David Jones, artist and poet (1895-1974) begins his PREFACE TO THE ANATHEMATA :

'I have made a heap of all that I could find.' (1) So wrote Nennius, or whoever composed the introductory matter to Historia Brittonum. He speaks of an 'inward wound' which was caused by the fear that certain things dear to him 'should be like smoke dissipated'. Further, he says, 'not trusting my own learning, which is none at all, but partly from writings and monuments of the ancient inhabitants of Britain, partly from the annals of the Romans and the chronicles of the sacred fathers, Isidore, Hieronymous, Prosper, Eusebius and from the histories of the Scots and Saxons although our enemies . . . I have lispingly put together this . . . about past transactions, that [this material] might not be trodden under foot'. (2)

(1) The actual words are coacervavi omne quod inveni, and occur in Prologue 2 to the Historia.
(2) Quoted from the translation of Prologue 1. See The Works of Gildas and Nennius, J.A.Giles, London 1841.

21 August 2010

You live your life as if it's real

Over recent posts this blog has focused on the centrality of (reference to) reality in the 2010 Australian Federal electoral campaign. Today we vote.

Raimong Gaita wrote the following in this morning's AGE :

It is impossible to form a sober judgment when what we are told is a sham.

Not long after Kerry O'Brien pressed Julia Gillard on whether she could not see that she insulted the political intelligence of the electorate by persistently repeating ''party-generated slogans and cliches'', she announced that the ''real'' Julia was on her way back. Satirists responded mercilessly. She must have known they would.

Tony Abbott has many times acknowledged that people are anxious that his reckless and impulsive dispositions are being kept on a tight leash only for the duration of the election campaign, after which they will roam free again.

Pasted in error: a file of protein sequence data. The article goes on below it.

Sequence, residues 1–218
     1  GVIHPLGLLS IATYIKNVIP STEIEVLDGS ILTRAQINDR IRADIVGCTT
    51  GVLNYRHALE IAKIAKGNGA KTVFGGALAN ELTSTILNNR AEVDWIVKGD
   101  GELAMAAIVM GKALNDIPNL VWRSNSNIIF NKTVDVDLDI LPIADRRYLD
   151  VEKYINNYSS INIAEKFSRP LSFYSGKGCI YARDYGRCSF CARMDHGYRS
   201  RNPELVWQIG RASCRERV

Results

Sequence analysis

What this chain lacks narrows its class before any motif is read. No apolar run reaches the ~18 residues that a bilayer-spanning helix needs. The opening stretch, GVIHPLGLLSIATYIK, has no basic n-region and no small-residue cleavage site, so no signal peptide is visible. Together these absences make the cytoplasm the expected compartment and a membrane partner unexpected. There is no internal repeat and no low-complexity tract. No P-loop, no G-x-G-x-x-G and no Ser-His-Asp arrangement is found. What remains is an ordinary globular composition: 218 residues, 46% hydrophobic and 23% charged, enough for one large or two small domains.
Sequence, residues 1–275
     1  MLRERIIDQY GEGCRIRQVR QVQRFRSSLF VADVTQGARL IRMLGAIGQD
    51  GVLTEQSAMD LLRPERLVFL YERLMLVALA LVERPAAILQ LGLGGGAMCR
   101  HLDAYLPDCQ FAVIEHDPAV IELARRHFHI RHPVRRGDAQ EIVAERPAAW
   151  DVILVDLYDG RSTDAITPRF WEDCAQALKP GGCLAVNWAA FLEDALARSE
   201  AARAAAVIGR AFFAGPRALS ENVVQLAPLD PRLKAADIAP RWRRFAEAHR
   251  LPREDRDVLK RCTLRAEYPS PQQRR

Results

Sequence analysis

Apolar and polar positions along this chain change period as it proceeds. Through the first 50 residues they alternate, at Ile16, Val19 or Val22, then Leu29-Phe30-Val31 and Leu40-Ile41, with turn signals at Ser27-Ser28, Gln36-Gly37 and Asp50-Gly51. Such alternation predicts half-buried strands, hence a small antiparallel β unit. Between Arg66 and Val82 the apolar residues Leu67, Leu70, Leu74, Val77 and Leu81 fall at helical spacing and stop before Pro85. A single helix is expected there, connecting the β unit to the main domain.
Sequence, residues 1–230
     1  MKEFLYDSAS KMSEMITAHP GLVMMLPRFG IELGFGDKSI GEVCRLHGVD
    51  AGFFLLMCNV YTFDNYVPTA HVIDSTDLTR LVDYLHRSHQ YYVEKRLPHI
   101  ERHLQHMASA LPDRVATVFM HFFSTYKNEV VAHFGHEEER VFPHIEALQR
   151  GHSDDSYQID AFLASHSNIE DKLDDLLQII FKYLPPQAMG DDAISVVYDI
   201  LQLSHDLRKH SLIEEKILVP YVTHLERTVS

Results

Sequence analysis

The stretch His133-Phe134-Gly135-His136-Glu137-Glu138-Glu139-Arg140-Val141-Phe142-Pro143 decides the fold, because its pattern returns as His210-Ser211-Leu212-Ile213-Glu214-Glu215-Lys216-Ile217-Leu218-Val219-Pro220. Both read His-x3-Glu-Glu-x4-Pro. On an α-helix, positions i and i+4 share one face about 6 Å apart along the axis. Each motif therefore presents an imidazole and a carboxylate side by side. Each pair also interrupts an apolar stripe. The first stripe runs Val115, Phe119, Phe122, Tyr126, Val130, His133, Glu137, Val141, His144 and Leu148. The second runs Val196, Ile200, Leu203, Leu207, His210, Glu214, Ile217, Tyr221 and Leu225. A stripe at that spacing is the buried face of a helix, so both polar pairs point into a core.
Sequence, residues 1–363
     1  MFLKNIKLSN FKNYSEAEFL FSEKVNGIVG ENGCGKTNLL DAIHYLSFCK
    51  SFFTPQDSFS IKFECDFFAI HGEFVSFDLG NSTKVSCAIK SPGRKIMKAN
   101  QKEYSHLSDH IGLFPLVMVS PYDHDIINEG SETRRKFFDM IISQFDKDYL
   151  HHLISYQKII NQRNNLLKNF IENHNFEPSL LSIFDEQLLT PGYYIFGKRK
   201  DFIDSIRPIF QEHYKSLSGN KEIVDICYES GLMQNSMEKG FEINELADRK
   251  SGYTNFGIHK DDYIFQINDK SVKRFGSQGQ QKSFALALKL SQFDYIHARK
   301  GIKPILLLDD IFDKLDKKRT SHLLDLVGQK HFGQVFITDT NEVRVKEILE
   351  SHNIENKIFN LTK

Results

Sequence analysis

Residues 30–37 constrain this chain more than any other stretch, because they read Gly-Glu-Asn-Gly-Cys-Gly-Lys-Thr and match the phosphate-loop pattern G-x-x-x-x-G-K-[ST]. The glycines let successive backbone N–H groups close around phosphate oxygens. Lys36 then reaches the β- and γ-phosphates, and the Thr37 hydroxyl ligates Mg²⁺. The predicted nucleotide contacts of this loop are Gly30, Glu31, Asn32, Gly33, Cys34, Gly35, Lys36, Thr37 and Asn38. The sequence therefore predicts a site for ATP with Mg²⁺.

Though he often says that he is ''fair dinkum'' about this or that matter, he does not claim that the real Tony Abbott is the one we now see, his identity transformed by his serious acknowledgment of newly acquired responsibilities as a candidate for prime-ministerial office.

Whether Abbott can control the impulses that make people anxious about his suitability is a serious question, but it is not one that should take the form, ''Who is the real Tony Abbott?''

Why did Gillard think that questions about the authenticity of a politician's identity should, in any but exceptional circumstances, be relevant to what citizens have a right to expect of them, to the ways they are answerable to the citizens they govern or hope to govern?

My guess is that part of the answer is to be found in the fact that she was responding to discontent with the products of the party spin machine. Spin, I suspect she realised as Abbott does not, is a distinctive form of political mendacity, different from lying and other more common ways that politicians deny citizens truthful answers to their questions...

Even Socrates drew the line at spin
read full article here

Before setting off to cast our votes we listen to some Leonard Cohen :
The ponies run, the girls are young,
The odds are there to beat.
You win a while, and then it's done -
Your little winning streak.
And summoned now to deal
With your invincible defeat,
You live your life as if it's real
A thousand kisses deep.

2010.08.14_VOTE MASK_400
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